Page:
Madison Avenue Baptist Church v. Oliver Street Baptist Church, 73 N. Y. 82. Action of ejectment. Plaintiff and defendant agreed to and adopted a plan of union, which provided for the extinction of plaintiff, the transfer of its membership and name, and all of its property, to defendant; and the assumption and payment by defendant of all plaintiff's debts, including certain mortgages on its real property, viz., a church edifice. In pursuance of such plan, by permission of the Supreme Court, granted on a petition setting forth the same in full, plaintiff conveyed its said property to defendant, which entered into possession, and paid off the mortgages, taking assignments thereof. The Court of Appeals held that the conveyance was void, the Supreme Court having had no jurisdiction to permit it; but nevertheless, that by the payment of the mortgages and taking assignments thereof, after entering into possession, defendant had become a mortgagee in possession, and was entitled to reimbursement before being obliged to yield up the premises. Judge Earl wrote the opinion, which says: "The defendant was a mortgagee in possession of the property, and it was lawfully in possession by consent of the plaintiff. * While under our present law a mortgagee cannot bring ejectment to obtain possession of the mortgaged premises, being lawfully in possession under a mortgage upon which some amount is due, he can retain possession against the mortgagor until such amount is paid." And then comes this: "It is ordinarily sufficient that a mortgagee is lawfully in possession after default on the mortgage. The court will not then deprive him of the possession until his mortgage is paid. The possession need not be given under the mortgage, nor with a view thereto.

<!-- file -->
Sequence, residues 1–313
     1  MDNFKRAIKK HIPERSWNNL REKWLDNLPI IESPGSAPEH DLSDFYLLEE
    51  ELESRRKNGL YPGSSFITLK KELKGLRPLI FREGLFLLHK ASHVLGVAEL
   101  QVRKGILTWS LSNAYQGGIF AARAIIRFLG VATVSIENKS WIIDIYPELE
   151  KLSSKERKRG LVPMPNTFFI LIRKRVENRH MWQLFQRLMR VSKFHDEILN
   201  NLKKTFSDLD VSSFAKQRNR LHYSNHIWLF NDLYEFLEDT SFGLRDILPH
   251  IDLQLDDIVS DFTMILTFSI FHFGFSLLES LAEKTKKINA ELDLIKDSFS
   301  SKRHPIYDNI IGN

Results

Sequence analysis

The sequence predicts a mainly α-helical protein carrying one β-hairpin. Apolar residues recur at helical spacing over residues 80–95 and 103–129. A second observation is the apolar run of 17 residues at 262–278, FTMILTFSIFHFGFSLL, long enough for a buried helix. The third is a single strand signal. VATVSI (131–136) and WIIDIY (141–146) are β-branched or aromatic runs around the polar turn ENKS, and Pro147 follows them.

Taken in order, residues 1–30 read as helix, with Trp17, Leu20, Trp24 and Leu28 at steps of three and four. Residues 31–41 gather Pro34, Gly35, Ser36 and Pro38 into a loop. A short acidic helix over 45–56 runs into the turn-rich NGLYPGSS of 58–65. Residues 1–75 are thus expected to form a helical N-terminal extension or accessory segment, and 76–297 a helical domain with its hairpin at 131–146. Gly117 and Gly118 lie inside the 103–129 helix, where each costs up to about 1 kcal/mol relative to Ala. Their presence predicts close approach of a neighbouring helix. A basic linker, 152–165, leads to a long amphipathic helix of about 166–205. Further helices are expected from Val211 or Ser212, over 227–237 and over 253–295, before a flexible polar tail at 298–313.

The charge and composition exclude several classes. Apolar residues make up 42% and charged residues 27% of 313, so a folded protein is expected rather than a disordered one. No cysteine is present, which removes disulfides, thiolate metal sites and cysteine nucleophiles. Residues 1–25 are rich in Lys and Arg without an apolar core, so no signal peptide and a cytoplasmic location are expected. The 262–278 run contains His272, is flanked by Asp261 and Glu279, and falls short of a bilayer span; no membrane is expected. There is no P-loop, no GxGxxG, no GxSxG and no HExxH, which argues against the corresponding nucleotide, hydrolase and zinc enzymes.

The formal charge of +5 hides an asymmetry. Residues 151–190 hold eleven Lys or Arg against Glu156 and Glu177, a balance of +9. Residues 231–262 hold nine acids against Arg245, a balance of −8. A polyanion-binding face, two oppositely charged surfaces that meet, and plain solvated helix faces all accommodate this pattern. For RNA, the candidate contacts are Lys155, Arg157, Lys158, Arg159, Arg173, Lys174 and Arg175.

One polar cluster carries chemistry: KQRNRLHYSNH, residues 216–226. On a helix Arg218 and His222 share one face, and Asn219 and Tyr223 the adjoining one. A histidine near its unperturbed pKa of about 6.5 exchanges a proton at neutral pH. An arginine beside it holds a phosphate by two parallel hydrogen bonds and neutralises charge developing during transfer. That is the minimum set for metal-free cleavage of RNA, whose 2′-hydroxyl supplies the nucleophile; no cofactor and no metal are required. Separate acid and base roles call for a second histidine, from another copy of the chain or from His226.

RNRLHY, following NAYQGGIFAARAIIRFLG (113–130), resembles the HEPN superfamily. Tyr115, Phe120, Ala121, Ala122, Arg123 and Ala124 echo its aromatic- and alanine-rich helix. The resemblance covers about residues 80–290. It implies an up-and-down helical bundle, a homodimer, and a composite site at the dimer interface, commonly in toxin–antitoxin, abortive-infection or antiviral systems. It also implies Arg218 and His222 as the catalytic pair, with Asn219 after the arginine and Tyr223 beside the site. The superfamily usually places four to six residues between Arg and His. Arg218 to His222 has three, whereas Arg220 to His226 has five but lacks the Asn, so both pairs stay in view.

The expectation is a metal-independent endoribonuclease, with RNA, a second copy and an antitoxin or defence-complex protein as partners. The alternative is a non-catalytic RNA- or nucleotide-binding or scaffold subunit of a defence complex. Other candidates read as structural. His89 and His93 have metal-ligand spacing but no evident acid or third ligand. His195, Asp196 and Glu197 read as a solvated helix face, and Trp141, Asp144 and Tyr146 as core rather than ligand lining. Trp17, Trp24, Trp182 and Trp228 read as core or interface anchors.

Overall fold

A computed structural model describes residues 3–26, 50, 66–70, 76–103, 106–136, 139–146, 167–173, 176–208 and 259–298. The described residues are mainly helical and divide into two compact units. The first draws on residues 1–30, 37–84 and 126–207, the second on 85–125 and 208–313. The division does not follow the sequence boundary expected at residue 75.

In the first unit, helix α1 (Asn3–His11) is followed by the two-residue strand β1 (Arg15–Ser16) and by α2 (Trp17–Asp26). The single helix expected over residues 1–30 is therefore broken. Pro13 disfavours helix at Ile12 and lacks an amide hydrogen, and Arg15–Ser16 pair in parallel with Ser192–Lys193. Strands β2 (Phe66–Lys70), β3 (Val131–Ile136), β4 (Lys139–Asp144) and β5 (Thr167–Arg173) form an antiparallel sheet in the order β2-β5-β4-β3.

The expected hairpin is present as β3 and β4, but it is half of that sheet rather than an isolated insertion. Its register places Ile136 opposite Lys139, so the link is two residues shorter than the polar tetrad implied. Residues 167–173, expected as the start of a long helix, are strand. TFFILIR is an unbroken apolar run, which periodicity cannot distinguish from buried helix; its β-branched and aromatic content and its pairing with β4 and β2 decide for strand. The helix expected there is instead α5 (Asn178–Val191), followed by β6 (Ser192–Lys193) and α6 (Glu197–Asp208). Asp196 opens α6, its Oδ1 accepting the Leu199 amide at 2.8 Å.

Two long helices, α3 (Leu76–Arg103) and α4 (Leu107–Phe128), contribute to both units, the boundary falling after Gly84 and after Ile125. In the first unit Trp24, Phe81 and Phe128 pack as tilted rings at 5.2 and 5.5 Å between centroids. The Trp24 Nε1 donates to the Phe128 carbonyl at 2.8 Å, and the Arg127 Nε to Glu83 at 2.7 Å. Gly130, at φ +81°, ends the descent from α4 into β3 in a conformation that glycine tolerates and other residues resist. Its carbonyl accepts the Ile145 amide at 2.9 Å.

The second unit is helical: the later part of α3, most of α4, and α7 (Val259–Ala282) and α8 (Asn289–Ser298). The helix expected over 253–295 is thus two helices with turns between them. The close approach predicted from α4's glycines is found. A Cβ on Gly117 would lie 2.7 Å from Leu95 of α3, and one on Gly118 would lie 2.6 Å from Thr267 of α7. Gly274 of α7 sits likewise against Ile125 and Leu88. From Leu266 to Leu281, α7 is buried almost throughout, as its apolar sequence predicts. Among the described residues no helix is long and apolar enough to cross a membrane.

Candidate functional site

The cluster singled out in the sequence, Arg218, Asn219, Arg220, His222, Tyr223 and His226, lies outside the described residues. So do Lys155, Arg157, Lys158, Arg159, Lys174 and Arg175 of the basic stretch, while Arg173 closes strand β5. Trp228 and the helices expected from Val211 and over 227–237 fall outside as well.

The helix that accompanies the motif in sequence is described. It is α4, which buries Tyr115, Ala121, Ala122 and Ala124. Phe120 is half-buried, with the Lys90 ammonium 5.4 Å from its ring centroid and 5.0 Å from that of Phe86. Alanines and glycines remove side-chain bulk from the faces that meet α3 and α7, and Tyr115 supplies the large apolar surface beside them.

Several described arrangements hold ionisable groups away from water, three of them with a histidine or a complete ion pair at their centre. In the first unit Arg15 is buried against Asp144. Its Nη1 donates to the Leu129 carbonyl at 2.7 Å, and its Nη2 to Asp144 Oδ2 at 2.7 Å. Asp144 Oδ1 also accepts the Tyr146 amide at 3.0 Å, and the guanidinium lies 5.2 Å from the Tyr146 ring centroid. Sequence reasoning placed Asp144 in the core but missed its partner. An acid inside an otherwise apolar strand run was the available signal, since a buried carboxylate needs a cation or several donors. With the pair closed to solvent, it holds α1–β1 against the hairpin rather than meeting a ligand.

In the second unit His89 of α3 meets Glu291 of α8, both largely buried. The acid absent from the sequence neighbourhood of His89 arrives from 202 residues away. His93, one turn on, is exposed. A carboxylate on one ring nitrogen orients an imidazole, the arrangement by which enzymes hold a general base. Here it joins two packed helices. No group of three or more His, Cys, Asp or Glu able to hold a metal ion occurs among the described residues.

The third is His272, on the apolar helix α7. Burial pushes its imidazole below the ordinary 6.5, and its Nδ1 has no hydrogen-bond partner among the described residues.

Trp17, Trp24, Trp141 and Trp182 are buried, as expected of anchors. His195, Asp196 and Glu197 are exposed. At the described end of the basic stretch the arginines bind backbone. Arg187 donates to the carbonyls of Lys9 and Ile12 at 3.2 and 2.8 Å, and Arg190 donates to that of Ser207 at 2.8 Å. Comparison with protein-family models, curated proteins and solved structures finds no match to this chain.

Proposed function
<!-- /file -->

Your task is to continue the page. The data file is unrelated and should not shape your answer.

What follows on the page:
* Here, while the defendant had failed to get the title, yet it was placed in possession by the plaintiff. It was not a wrong-doer. There was no law which restrained the plaintiff from putting defendant in possession of its property," etc. This is a clear exposition of the law of the case, excepting the one sentence,
"The possession need not be given under the mortgage, nor with a view thereto." The defendant here was put into possession with a view to the mortgages
with the express plan, agreement and request of plaintiff that defendant should assume and pay them. What application to the case then has this sentence? And is it correct? It is not in accord with the views of the learned judge in this and other cases. Is it not a clear inadvertence? Who can tell how often it will be quoted, and how many doubts, if not erroneous decisions, it may cause in trial courts?